Kick Back on the Kauri Coast of New Zealand
Kick Back on the Kauri Coast of New ZealandBy Linda Ballou NABBW’s Adventure Travel Expert
My heart pounded as loud as my mare’s hoof beats on the hard-packed sand as I paced myself to the gait of my leader and occasioned a glance over my shoulder at the sea. The immense surf, cresting in ten-foot faces rolling in fast, met the sand in a crashing fury. Under an intense blue sky the turquoise curls played a thunderous symphony. I’d discovered the Kauri Coast on the North Island of New Zealand.
On the less-visited beaches stretching from the Hibiscus Coast to Breams Head Scenic Preserve you will find big surf, sugar-white sand and big savings.
Exit the Twin Discovery Highway #1, about 50 minutes north of Auckland, and leave the busy world behind. Wind through bucolic wine country to the Goat Island Marine Reserve.
Stop there to snorkel or cruise in a glass bottom boat. Then, roll down Pakiri Road to a lush valley tailored in the patchwork quilt of farms and wildflowers meadows. Where the road meets the beach you will find Pakiri Stables, where prizewinning Arabians munch on knee high grass in the pastures and an outdoor café where riders gather for the next outing.
As my guide, a young woman from England, slowed to a trot, I splashed happily through the waves beside her. We left the shore and entered the dunes, where we met a world animated with the tall champagne plumes of the toe-toe (pampas grass).
Mounds of yellow flowers and sand hugging shrubs live happily here out of the bold wind off the ocean. Stable owner, Sharley Haddon, is married to a Maori chief, who is the guardian of this pristine stretch of sand that belongs to the native people. Sharley offers rides from one hour to coast-to-coast week long adventures.
Returning to the dirt road that brought me to this adrenaline-charged interlude, I continued up the coast to laid-back Mangawhai.
Sheltered coves here provide safe swimming for those outmatched by strong surf. Mangawhai Cliffs Walkway along a lonely bluff affords the more intrepid a chance to see migrating humpback whales and playful dolphin.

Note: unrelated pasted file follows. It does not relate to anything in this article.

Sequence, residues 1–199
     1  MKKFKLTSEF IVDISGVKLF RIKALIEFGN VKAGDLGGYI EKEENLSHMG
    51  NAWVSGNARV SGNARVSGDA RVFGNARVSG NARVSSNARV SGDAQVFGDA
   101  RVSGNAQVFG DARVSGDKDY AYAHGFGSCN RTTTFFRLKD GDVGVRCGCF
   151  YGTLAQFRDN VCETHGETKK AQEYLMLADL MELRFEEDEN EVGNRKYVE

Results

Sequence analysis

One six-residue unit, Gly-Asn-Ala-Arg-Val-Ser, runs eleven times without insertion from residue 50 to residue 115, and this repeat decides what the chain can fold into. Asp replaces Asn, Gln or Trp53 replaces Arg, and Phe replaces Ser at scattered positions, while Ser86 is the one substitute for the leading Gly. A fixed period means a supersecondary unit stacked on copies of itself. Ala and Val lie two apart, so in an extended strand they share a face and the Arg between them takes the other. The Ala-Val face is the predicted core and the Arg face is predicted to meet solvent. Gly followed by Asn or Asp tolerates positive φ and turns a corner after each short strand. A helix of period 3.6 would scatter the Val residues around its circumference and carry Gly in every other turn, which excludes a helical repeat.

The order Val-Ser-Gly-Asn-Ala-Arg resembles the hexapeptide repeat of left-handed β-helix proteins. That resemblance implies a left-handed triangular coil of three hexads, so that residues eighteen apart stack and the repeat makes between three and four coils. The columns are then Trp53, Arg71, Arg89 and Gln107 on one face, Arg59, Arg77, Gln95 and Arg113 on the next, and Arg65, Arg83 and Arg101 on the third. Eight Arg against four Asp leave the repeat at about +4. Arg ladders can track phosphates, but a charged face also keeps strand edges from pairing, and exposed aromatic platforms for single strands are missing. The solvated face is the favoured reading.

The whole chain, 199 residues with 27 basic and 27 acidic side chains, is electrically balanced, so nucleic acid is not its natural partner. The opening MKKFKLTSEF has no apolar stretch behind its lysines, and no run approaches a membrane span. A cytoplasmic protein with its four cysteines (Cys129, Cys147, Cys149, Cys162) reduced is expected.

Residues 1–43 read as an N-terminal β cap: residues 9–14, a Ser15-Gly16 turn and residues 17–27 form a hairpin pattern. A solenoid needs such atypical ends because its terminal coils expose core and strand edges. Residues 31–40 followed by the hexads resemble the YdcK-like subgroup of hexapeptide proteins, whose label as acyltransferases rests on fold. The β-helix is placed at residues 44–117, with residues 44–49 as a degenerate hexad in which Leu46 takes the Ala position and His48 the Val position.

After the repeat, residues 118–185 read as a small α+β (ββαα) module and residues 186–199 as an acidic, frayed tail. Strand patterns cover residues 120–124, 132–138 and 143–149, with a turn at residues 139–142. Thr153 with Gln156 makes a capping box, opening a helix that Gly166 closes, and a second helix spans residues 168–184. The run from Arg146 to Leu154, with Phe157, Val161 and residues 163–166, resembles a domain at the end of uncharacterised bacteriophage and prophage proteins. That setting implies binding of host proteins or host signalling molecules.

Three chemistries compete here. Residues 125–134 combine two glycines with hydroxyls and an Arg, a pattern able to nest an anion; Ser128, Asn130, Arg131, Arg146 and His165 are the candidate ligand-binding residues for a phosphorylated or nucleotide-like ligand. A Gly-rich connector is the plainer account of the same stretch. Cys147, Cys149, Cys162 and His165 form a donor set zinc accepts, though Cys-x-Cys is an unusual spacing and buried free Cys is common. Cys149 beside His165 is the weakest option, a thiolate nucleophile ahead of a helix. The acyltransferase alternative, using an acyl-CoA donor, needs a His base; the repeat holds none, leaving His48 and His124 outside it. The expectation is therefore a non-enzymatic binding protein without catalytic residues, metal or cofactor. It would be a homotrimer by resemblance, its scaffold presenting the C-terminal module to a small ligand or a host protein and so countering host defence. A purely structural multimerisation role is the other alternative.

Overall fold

On the horizon I could see Chicken and Hens, the Great and Little Barrier Islands and a host of other smaller islands that are part of a vast Marine Mammal Preserve.
Tiritiri Mitangi Island is a wildlife sanctuary in the Hauraki Gulf where many endangered and rare birds are easily seen. (More about that outing in a previous article For the Birds.)
I returned to the coast road, where good fortune brought me to the Stone House on the south side of Breams Bay. My self-contained cottage by the sea, shrouded in tumbling vines, provided a heavenly sense of peace and safety.
No worries about locked doors. Open windows let in the scent of flowers and the sound of the sea. My hosts saw to my every comfort, including meals. They allowed me to linger through the day so that I could enjoy a swim at Waipio Cove without the concern of carrying my worldly belongings with the pleasure of a hot shower at the end of my day. Free kayaks to paddle in the nearby estuary are a part of the deal.
From my patio at the Stone House, I could see the castle like peaks of Mt. Manaia towering over Breams Heads Scenic Preserve. These headlands, steeped in Maori legend, are laced with hiking trails to beaches that rival any found in Hawaii. I drove around the bay, through the bustling harbor town of Whangarie, and found a B&B in sleepy McCleod’s Bay near the trailheads.
A brisk climb through primordial, subtropical forest up the flank of Mt Manaia** brought me to a rock ledge jutting into endless blue overlooking the dazzling Hauraki Gulf. The jagged limestone peaks at my back are said to be the figures of Chief Mania, and his family, frozen by the Thunder God. His godly presence watches over all who enter his realm on the Kauri Coast.
**Learn more about the hike up the flank of Mt. Manaia in Lost Angel Walkabout-One Traveler’s Tales. My travel essay collection won the 2012 International Book Awards.
Linda Ballou says her mission is to experience as many beautiful places on our planet as she can, before they are no more. “Travel tales relating my experiences while kayaking, horseback riding, sailing, birding and hiking about the globe have appeared in numerous national magazines. I had a great deal of fun collecting travel stories, and profiles of people I have met in “naturally high places” for my newest book, Lost Angel Walkabout-One Traveler’s Tales. For a complete bio as well as published on-line clips with photos go to my website www.LindaBallouAuthor.com. Your reward, aside from learning about me and my work, will be to discover the secret to youth! Follow my blog to keep up with my latest adventures.”